Another in the occasional series on “Far-Flung Lost London” …

Willesden was first recorded in the Domesday Book of 1086 as Wellesdone, from the  Old English “wiell-es”, meaning “spring”, and “dun”, “hill”.  It  was essentially rural in character throughout the Medieval and post-Medieval periods, and  only began to become densely built up after the arrival of the Metropolitan Railway in 1879.   It is now part of the London Borough of Brent.

Church of St Mary

1 - General view of exterior of  church


The  church of St Mary was originally built during the reign of Athelstan in the tenth century, possibly on the site of an even older Saxon church.  It was subsequently rebuilt in the thirteenth century, and again in the nineteenth.

5 - Side aisle and chapel

4 - General view of interior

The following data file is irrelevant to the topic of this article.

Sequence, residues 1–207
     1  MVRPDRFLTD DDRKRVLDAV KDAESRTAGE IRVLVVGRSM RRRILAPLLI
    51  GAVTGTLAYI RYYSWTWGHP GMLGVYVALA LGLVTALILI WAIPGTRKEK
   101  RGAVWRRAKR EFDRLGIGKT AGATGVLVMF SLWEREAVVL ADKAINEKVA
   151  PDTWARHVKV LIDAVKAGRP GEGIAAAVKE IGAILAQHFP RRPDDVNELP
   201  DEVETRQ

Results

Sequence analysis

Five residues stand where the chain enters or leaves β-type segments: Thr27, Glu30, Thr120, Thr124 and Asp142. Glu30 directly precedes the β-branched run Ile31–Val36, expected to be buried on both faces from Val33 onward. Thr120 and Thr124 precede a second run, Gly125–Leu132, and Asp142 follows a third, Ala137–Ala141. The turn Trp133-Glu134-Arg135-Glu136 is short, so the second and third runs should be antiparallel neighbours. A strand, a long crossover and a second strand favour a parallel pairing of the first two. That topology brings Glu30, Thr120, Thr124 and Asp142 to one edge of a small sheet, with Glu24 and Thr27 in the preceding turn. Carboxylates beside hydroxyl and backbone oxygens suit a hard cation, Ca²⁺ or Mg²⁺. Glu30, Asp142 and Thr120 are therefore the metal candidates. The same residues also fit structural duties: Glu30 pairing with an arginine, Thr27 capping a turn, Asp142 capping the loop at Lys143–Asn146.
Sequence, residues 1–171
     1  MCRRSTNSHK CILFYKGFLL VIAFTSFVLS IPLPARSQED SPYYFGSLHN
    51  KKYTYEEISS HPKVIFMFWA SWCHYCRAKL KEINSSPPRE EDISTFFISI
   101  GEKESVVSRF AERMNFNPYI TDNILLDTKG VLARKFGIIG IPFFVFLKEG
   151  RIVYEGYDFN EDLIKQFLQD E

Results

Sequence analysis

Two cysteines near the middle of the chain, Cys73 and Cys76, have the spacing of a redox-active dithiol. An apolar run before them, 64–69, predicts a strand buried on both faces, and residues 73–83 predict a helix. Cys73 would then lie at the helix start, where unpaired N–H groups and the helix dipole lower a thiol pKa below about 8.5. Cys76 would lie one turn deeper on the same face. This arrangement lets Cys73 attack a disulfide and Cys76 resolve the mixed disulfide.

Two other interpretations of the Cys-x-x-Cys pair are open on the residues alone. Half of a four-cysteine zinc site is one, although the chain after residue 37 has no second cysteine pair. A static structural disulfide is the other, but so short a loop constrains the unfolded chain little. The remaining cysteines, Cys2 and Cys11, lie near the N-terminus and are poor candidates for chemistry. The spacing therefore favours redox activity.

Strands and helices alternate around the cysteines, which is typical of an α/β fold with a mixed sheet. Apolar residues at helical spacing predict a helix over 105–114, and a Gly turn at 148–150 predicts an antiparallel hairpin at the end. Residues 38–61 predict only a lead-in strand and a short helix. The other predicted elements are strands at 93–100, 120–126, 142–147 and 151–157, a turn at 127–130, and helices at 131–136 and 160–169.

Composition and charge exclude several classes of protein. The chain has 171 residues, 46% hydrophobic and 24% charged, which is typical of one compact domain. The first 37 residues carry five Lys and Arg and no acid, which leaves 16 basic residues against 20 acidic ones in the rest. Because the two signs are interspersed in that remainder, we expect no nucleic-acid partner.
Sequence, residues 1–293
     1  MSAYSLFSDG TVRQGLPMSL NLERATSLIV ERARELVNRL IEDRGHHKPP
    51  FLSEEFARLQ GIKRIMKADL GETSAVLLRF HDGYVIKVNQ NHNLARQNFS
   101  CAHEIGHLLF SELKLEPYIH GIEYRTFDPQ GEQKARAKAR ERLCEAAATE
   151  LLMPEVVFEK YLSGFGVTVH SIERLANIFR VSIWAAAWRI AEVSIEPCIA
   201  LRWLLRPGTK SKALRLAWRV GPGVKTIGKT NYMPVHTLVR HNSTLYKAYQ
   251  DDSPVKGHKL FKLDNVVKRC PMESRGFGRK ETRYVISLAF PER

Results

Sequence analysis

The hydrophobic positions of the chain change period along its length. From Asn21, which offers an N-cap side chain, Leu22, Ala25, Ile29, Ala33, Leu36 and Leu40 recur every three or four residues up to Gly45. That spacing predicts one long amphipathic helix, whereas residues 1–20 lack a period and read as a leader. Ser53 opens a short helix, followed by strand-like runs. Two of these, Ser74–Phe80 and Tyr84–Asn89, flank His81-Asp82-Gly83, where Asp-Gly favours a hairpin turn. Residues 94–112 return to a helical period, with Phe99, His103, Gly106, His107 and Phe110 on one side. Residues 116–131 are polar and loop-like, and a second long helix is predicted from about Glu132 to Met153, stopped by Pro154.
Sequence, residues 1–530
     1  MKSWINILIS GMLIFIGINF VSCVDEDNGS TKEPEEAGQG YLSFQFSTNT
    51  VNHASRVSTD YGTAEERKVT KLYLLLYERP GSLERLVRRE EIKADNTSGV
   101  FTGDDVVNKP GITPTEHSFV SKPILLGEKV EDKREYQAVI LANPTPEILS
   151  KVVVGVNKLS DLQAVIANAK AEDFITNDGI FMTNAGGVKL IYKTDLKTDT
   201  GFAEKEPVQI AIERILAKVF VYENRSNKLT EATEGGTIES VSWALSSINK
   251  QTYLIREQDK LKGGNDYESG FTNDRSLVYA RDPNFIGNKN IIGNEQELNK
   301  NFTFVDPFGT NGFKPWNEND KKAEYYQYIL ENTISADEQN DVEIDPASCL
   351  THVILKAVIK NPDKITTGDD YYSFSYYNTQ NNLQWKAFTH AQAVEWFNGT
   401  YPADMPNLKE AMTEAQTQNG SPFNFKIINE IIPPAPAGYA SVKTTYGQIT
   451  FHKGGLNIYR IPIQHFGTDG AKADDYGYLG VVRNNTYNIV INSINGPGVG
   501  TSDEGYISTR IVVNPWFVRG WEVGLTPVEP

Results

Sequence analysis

The oldest parts of the structure that still survive are the nave, chancel, chapel and tower, all of which date to the thirteenth-century rebuild, and the south porch and door, which date to the early fourteenth, c. 1315 (*).

6 - FontThe font dates to the Norman period,  the altar tables to the Henrician and Elizabethan.  The interior also contains a number of brass memorials dating back to the late fifteenth century, and stone ones dating back to the early seventeenth.

Up  until the time of the Reformation at the beginning of the post-Medieval period, the church was the home of the Shrine of Our Lady of Willesden, and an important pilgrimage site.

(*) The  door has recently been found to have two Civil War-era  musket balls embedded in it!

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